My recording project, the third Buzzy Tonic album remains unfinished as well. I’m midway thru tracking the last song, City. I’d hoped to work on it over Xmas break but that was among the things I had to push off. Hopefully finish it before the end of the winter.

On the other hand I made great progress with my jazz demos, and that whole thing has taken on a life of its own. I’ve brought seven or eight tunes to the group, five of which are keepers, and I have one more in the offing. I encouraged the other guys in the group to bring in songs as well, and Gary Guitar has started writing too. He says I inspired him, which is great and fun and flattering to hear. So far he’s brought in two songs, both very good and different than mine. It’s good to have another voice and a good spread of styles and moods.

The guys in the band all like learning originals, and like the particular set of tunes, so now the main monkey business is to make a record. This is the Saturday group BTW, the Haven Street Quintet. It’s shaping up to be nine or so originals and probably one standard. Maybe Giant Steps since we have our own arrangement of that.

Now I’m looking into recording studios. The idea is to go in a do the whole thing live, like we did with Event Horizon back in the day, or like pretty much all classic jazz records. So I’m looking for a good live room with a grand piano and a nice sounding mixing board with warm preamps. Once we get the basic tracks down I can bring it into ProTools and Jay the bassist and I can mix and master it, although we’ll need an engineer to run the recording session.

So far though the local studios I’ve seen (via their web sites) seem more geared up for doing overdubs and electronic music production. This is useless to me since I already have a few good mics and an endlessly looptastic effects-o-rama ProTools rig in my basement. To me a real studio implies a real live room. Of course I’m just at the beginning of the research phase so you never know what’ll turn up. I’m toying with the idea of doing it in my living room as a backup plan, since I have an nice piano and a big, acoustically pleasant space.

Lots of Music

It’s the holiday season. We’ve started getting Christmas cards, and we had our first snowfall last night. Got our own cards and we have to sit down and fill them out one night this week. We got the tree up and all the decorations this last weekend, and I got a chance to listen to some of the Bill Evans records I recently bought. The new piano is in the spot where there tree used to go, so the tree is in the spot where the old piano was. Looks very nice.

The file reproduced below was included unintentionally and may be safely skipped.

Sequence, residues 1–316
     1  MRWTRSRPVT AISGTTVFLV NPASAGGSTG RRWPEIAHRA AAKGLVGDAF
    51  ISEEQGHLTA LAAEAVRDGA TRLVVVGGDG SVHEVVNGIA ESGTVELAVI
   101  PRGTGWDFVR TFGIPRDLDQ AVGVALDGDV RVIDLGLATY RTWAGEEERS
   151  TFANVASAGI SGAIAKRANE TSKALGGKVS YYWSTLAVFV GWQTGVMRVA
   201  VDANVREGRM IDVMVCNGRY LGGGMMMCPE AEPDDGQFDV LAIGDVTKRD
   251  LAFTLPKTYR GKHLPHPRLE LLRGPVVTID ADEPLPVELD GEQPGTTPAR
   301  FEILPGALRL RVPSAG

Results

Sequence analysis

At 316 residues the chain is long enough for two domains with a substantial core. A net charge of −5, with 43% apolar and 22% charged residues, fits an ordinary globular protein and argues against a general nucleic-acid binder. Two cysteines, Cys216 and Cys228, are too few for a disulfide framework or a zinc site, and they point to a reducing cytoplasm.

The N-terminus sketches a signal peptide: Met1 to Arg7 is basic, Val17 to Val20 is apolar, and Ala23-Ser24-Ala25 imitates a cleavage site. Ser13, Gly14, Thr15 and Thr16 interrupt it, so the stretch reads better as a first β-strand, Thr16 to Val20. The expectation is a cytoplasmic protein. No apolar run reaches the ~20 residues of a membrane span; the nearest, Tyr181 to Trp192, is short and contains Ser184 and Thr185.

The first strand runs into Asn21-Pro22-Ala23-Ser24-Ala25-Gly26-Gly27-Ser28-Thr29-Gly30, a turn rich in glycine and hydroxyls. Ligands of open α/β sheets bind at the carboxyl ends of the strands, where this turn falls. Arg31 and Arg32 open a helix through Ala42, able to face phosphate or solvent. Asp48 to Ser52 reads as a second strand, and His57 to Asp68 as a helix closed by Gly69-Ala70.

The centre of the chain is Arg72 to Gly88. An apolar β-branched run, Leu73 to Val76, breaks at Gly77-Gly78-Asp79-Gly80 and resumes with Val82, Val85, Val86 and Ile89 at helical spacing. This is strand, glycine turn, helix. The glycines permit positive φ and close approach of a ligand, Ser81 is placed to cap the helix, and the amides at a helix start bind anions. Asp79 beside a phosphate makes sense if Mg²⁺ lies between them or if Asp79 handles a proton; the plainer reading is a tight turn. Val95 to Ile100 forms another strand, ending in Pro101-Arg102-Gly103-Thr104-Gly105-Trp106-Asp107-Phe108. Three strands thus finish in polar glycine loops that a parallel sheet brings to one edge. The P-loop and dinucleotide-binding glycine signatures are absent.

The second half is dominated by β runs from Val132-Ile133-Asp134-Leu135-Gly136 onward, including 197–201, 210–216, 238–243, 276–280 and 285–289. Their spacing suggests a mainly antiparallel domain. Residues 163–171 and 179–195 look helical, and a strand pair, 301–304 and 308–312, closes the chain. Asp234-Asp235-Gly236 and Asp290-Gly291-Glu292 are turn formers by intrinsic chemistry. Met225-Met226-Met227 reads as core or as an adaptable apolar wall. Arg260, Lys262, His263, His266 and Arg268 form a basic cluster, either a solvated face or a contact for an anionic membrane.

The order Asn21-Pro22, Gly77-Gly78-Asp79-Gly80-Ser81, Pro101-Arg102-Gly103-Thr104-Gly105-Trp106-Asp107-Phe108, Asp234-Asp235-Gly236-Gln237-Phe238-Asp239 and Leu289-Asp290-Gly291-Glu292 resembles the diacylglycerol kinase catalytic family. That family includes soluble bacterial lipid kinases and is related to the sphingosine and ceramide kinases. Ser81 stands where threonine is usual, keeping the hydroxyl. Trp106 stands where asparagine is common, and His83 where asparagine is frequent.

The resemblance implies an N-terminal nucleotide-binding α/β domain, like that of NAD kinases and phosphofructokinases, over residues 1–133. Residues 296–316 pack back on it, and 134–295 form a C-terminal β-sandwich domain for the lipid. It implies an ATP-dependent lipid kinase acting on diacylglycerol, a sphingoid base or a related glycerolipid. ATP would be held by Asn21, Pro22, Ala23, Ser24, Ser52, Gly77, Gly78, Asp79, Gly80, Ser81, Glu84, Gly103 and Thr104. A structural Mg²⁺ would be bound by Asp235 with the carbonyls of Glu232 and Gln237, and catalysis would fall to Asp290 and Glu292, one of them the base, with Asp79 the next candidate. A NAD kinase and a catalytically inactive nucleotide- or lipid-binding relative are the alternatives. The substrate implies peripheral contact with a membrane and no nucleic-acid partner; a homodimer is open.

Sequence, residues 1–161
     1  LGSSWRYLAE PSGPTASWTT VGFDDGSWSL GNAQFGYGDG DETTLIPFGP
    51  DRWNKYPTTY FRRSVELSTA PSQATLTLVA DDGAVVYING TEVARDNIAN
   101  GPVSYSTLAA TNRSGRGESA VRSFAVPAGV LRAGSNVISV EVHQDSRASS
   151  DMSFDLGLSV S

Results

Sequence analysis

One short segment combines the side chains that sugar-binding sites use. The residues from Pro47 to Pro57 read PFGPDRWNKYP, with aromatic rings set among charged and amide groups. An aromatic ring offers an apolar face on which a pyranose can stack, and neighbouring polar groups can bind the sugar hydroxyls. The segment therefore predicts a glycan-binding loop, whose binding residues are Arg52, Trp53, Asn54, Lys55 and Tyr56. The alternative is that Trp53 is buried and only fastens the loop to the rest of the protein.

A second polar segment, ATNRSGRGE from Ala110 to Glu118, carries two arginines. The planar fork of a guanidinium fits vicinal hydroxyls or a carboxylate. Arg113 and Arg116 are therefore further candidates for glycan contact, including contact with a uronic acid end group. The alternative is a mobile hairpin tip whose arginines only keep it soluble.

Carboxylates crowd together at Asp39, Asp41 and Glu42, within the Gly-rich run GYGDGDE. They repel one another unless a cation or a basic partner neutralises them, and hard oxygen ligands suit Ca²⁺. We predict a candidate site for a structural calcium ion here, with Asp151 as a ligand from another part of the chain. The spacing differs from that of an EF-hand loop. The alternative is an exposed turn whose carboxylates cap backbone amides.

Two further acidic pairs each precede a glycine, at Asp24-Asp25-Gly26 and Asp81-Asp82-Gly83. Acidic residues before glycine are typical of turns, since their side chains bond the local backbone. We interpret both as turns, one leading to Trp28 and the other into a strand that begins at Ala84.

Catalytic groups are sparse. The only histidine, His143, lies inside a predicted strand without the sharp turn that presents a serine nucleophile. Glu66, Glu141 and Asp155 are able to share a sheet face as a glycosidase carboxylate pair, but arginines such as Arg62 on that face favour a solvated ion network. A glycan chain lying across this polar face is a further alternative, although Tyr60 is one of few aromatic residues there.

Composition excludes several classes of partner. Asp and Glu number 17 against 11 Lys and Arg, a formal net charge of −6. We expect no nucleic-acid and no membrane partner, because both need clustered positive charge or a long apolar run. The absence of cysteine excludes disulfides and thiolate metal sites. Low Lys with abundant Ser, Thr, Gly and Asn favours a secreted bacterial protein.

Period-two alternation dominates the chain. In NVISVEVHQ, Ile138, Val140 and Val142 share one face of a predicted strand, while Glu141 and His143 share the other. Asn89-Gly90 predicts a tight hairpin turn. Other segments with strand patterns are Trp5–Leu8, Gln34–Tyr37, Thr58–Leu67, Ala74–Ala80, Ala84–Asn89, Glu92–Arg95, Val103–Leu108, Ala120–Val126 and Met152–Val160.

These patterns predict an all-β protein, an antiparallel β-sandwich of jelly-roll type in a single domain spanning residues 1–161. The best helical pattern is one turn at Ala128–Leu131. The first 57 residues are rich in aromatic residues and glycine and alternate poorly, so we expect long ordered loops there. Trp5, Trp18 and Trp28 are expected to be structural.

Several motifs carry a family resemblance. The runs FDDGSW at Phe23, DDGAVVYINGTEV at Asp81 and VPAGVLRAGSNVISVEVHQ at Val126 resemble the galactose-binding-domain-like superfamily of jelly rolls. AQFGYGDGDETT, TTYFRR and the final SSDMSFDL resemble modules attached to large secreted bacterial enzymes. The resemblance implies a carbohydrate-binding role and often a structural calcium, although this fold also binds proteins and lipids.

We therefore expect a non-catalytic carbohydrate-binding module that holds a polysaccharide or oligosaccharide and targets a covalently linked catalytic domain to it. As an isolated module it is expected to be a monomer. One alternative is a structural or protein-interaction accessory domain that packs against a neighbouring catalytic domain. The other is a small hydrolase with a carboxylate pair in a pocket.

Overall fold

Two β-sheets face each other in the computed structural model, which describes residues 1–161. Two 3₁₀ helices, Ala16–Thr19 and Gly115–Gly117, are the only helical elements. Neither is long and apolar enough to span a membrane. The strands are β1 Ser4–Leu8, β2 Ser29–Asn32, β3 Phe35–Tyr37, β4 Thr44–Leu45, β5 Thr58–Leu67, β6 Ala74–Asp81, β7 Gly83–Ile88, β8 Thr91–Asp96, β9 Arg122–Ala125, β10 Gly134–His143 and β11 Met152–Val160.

It’s been quite a week for music. First off, the LEFT HOOK got together last week for a rehearsal for the first time in ages. Our singer was working on the staff of a local state senator who was running for reelection (he won!) and then some other stuff including Thanksgiving so we only had one rehearsal in November. Now we’re back together and learning a bunch of new songs including some fun 80’s power pop numbers that came together quite nicely. This week when we get together the topic will be looking for new gigs.

Sunday Lizzy and Michelle sang Lessons and Carols with their singing group at the local Episcopalian church. Last year I was totally blown away by the level of the music. This year they were just as good, but it wasn’t a shock and surprise. Brilliant church choir (of which Lizzy is a member), backed up by the children’s chorus (of which Michelle is a member), a brass ensemble, timpani (particularly amazing) and pipe organ, all with custom arrangements by their Kapellmeister Phillip Stopford, performed in a cavernous stone hall with marvelous reverb.

A couple days later was the Christmas concert at Lizzy’s high school, and Lizzy was performing in the chorus. They were good, at a typical high school level, but after the Lessons and Carols it sort of paled by comparison. One thing I do like is that the music director is German, so they always have alot of the German composers – Bach, Beethoven, Mozart, Handel, Hayden that sort of thing.

But the highlight of the week was seeing Chick Corea at the Blue Note. For those of you who don’t know the Blue Note is New York City’s answer to the Tralfamadore Cafe. For his 75th birthday Chick has taken up residency there, performing for two months with a different band each week. I went with Jeannie and my origami friend Marc, who is also an avid fusion guitarist. Since it was the late show we spent the evening wandering around the village. Bruught back memories of when I used to work in the neighborhood.

The night we saw him it was with guitarist John McLaughlin, drummer Lenny White and bassist Victor Wooton. Chick was playing piano, Fender Rhodes and Moog synthesizer and the material was half Return to Forever and half Mahavishnu Orchestra, with a Miles and a Monk song thrown in for good measure. Needless to say the show was amazing. And we had great seats – I was literally sitting right next to Chick. I could’ve played the high notes on this synthesizer. Funny enough last time I saw Chick at the Blue Note, about twenty years ago, I had the exact same seat, although that time it was just piano trio, no other keyboards, and an upright bass.

Saturday we had jazz, and for a number of reasons, it’s been the first time the whole group has been together for a while. We’re working on getting together a bunch of originals to record an album in the new year. I’ve brought in six or songs that have all been very well received. I told everyone else to contribute on song if they can. Last session Gary came in with a new song, and it’s very good, a hard boppish number in the mode of Wes Montgomery. Fits right in and has something new to say.